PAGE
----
Law and Christian ethics

Libby Professor of Law and Theology Cathleen Kaveny made an unusual dedication in her new book, Ethics at the Edges of Law: Christian Moralists and American Legal Thought: to the Religion Department Lounge at Princeton University. 

As she writes in the book’s preface, the lounge was a place where professors, graduate students and “excessively bold undergraduates” like herself held rigorous yet respectful conversations about political, moral, cultural and religious issues of the day.

Cathleen Kaveny

Cathleen Kaveny (Photo by Lee Pellegrini)

This ideal of intellectual exchange, Kaveny writes, stands in counterpoint to the culture wars of today that she sought to capture in her book. 

Ethics at the Edges of Law is structured as an exchange between the American legal tradition and the tradition of Christian ethics. She chose leading contemporary figures in Christian ethics, such as Paul Ramsey, Stanley Hauerwas and Tristram Engelhardt, among others, as “conversation partners” for her book.

Kaveny’s approach is counter to the way most ethicists think about the law. “Most ethicists would say, ‘I get my ethical analysis and then apply it through the law to bind society.’ Also, there are a lot of thinkers based in law who say, ‘Let’s look at how the resources of the theological tradition can help illuminate legal questions.’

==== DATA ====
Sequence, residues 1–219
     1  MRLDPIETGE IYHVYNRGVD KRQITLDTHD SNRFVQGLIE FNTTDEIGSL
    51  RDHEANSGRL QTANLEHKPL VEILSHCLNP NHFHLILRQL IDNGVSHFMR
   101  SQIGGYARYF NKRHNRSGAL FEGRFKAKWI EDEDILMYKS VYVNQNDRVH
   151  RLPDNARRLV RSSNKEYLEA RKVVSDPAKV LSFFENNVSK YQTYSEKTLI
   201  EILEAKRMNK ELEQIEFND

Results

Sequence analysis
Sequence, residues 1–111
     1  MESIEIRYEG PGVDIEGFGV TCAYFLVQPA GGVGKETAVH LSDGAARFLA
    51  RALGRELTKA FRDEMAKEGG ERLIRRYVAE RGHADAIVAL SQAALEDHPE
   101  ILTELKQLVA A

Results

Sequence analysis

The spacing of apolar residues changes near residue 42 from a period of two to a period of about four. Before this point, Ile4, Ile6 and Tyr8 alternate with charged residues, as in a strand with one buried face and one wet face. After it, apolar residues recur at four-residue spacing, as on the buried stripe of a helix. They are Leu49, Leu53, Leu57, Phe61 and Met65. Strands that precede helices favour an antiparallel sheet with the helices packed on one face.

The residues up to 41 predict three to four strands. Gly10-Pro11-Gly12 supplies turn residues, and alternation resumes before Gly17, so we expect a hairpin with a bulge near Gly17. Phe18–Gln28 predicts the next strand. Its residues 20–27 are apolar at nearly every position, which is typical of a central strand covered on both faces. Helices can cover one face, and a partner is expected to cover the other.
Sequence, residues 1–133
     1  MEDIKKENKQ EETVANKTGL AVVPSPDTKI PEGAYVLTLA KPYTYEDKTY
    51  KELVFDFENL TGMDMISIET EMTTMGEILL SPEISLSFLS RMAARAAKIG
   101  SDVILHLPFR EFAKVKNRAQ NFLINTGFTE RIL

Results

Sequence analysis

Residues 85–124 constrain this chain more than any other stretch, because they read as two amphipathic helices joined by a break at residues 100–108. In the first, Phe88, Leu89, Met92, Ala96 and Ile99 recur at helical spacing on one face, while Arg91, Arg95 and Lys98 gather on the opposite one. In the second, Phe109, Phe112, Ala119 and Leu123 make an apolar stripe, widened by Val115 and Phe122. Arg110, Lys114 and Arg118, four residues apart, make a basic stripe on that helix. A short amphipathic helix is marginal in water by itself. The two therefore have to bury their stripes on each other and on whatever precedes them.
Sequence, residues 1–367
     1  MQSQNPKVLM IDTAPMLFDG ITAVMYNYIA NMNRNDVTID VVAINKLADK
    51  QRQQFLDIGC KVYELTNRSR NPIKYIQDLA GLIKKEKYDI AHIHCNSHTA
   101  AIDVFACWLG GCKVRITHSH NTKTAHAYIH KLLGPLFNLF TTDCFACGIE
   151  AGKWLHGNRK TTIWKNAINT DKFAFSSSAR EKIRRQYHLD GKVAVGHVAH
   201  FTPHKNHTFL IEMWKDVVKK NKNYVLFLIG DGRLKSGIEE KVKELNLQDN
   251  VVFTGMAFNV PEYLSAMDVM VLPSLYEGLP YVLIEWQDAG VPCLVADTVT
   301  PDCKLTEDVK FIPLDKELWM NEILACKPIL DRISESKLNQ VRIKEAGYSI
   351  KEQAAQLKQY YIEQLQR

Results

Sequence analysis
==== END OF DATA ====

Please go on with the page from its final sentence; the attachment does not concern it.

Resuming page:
“I’m doing the reverse. I’m trying to make the case that ethicists of whatever stripe can treat the secular law as a worthwhile source and conversation partner,” said Kaveny, who teaches Bioethics and the Law; Faith, Morality and Law; Contracts, and Complicity. “It will help advance and illuminate aspects of their own commitment. As I studied law and started to teach law, I saw there was a lot of moral wisdom in the law.” 

Kaveny is talking specifically about the realm of common law. “Moral judgment infuses common law subjects, like contracts and torts, in a very practical way. Common law develops by cases, stories that have great moral tensions. I have a lot of respect for the common law tradition.”

For example, in one chapter, Kaveny brings the case of Watts v. Watts – a staple of many first-year contract law textbooks – into conversation with the writings of ethicist Gene Outka, author of the book Agape, to explore issues of love and justice. 

In another chapter, Kaveny pairs the issues surrounding the use of victim impact statements in criminal sentencing with ethicist Margaret Farley, whose work highlights the role of experience in moral discernment.

Kaveny’s career itself has been a mixture of the law and ethics. As an undergraduate, she majored in religion. She earned a law degree, and then the following year, a doctorate in ethics. She clerked for Judge John T. Noonan on the US Court of Appeals, Ninth Circuit and practiced health law in Boston. 

“I’m interested in nurturing younger scholars whose work is at the intersection of law and ethics,” added Kaveny, who noted that there are areas beyond the scope of her book that can be mined. “I think that would be really exciting.”

—Kathleen Sullivan | University Communications